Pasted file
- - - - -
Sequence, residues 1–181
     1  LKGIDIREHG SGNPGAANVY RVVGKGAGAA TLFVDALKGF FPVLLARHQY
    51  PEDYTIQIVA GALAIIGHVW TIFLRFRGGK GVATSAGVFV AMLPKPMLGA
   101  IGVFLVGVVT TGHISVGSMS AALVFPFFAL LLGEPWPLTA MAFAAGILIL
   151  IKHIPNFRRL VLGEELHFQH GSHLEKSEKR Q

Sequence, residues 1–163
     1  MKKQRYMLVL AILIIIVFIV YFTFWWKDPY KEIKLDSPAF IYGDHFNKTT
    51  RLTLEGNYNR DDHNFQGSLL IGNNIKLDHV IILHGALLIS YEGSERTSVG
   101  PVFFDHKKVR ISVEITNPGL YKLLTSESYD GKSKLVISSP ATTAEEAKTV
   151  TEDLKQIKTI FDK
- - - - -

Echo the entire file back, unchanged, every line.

Sequence, residues 1–181
     1  LKGIDIREHG SGNPGAANVY RVVGKGAGAA TLFVDALKGF FPVLLARHQY
    51  PEDYTIQIVA GALAIIGHVW TIFLRFRGGK GVATSAGVFV AMLPKPMLGA
   101  IGVFLVGVVT TGHISVGSMS AALVFPFFAL LLGEPWPLTA MAFAAGILIL
   151  IKHIPNFRRL VLGEELHFQH GSHLEKSEKR Q

Sequence, residues 1–163
     1  MKKQRYMLVL AILIIIVFIV YFTFWWKDPY KEIKLDSPAF IYGDHFNKTT
    51  RLTLEGNYNR DDHNFQGSLL IGNNIKLDHV IILHGALLIS YEGSERTSVG
   101  PVFFDHKKVR ISVEITNPGL YKLLTSESYD GKSKLVISSP ATTAEEAKTV
   151  TEDLKQIKTI FDK